Sunday, October 28, 2007

Launch a Crusade

The fastest companies have causes that they use to launch crusades. In It's Not the Big That Eat the Small...It's the Fast That Eat the Slow: How to Use Speed as a Competitive Tool in Business, Jason Jennings and Laurence Haughton write about launching crusades.

Causes Over Visions
Jennings and Haughton contrast the definition of a cause with a vision:

  • Cause - that which gives rise to an action, a motive, a principle, a belief, or purpose.
  • Vision - someting perceived in a dream, trance, spell or stupor; something supernaturally revealed to a prophet.
Example Causes
Jennings and Haughton share example causes:

  • Charles Schwab - "To be the most ethical and useful financial services company in the world."
  • AOL - "To build a global medium as central to people's lives as the telephone or television, only more useful."
  • Hotmail - "To revolutionize and democratize communications."
  • Clear Channel - "Creating value for the shareholder."
  • Telepizza - "Creating a world of Telepizza citizens."
Where Do Causes Come From
Jennings and Haughton write:

"Unlike missions and visions, which are generally created by commitees and sufficiently watered down to please everyone, offend nobody, and motivate no
one, a cause comes from a defining moment in a leader's life."

Criteria for a Cause
Jennings and Haughton found eight criteria that were common to the causes of companies that consistently demonstrated an ability to get to market faster than their rivals:

  • Causes are never goals.
  • Causes big enough for crusades come from the heart.
  • The best causes are big, bold, and aspirational.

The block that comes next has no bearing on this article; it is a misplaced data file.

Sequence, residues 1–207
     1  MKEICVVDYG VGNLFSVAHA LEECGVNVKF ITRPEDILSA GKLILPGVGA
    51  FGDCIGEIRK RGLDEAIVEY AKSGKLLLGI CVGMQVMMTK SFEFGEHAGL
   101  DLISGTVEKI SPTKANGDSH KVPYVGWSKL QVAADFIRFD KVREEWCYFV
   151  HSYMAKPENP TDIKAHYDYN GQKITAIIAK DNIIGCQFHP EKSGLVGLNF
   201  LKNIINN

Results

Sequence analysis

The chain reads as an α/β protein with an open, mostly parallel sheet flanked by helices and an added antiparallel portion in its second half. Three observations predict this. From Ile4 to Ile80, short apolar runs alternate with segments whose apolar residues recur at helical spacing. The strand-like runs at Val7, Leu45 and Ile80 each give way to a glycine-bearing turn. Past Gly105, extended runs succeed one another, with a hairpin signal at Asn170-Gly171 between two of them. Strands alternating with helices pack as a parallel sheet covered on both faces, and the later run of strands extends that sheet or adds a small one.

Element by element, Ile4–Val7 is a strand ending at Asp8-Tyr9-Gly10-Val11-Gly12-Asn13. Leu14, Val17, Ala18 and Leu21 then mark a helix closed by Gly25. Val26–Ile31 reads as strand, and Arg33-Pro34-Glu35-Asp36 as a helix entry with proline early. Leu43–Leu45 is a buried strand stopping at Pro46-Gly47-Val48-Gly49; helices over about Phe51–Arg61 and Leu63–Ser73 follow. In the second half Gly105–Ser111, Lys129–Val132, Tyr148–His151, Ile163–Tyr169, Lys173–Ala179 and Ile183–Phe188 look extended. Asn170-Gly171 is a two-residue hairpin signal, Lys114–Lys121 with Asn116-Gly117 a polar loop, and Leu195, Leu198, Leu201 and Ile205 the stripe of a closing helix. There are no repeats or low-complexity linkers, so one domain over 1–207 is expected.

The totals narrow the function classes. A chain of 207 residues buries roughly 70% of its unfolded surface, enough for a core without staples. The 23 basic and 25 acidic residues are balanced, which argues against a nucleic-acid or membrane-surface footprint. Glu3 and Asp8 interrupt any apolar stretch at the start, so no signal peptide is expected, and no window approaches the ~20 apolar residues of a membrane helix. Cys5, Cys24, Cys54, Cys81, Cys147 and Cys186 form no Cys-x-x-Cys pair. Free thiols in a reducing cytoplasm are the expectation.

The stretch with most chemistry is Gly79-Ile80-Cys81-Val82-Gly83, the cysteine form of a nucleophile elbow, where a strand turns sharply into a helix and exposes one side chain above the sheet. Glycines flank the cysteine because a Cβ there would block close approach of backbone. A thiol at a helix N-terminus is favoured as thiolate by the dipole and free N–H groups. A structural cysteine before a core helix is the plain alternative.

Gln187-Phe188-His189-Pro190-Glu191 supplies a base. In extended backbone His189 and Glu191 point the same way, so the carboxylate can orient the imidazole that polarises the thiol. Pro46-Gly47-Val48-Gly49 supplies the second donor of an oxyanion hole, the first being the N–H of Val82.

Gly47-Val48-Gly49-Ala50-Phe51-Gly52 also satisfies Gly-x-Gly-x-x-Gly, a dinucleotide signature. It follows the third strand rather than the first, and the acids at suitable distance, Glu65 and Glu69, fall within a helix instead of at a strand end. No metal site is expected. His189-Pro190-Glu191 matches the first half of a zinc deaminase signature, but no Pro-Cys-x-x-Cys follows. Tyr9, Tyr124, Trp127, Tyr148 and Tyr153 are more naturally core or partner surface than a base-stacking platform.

• Causes are inclusive.
  • Causes aren't just about profit.
  • Big causes have an aha! effect.
  • A cause needn't be credible to the outside world.
  • Causes are expressed in few words. Disney's was building a place to "make people happy."

Turning Causes into a Crusade
Visions and missions often fail to achieve the desired objective. Discovering and creating a cause, and turning it into action is a replicable model, but it's more than hanging a plague on a wall. Jennings and Haughton write the eight steps that successful companies do:

  • The leader/founder/CEO must live the cause.
  • Those around the leader must also live the cause.
  • All key executives and managers must be seen as living the cause.
  • Everyone is invited to join the crusade.
  • Those not joining the crusade are invited to leave.
  • Reward activities that advance the crusade and punish those that don't.
  • Constantly celebrate the cause and crusade.
  • Eventually, the cause and crusade become the reason for existence.
Key Take Aways
In my experience, I would agree that a compelling "why" or purpose matters more than the actual "what" or vision. "Why" is ultimately the motivation. Whether or not a vision is compelling depends on how compelling the "why" actually is.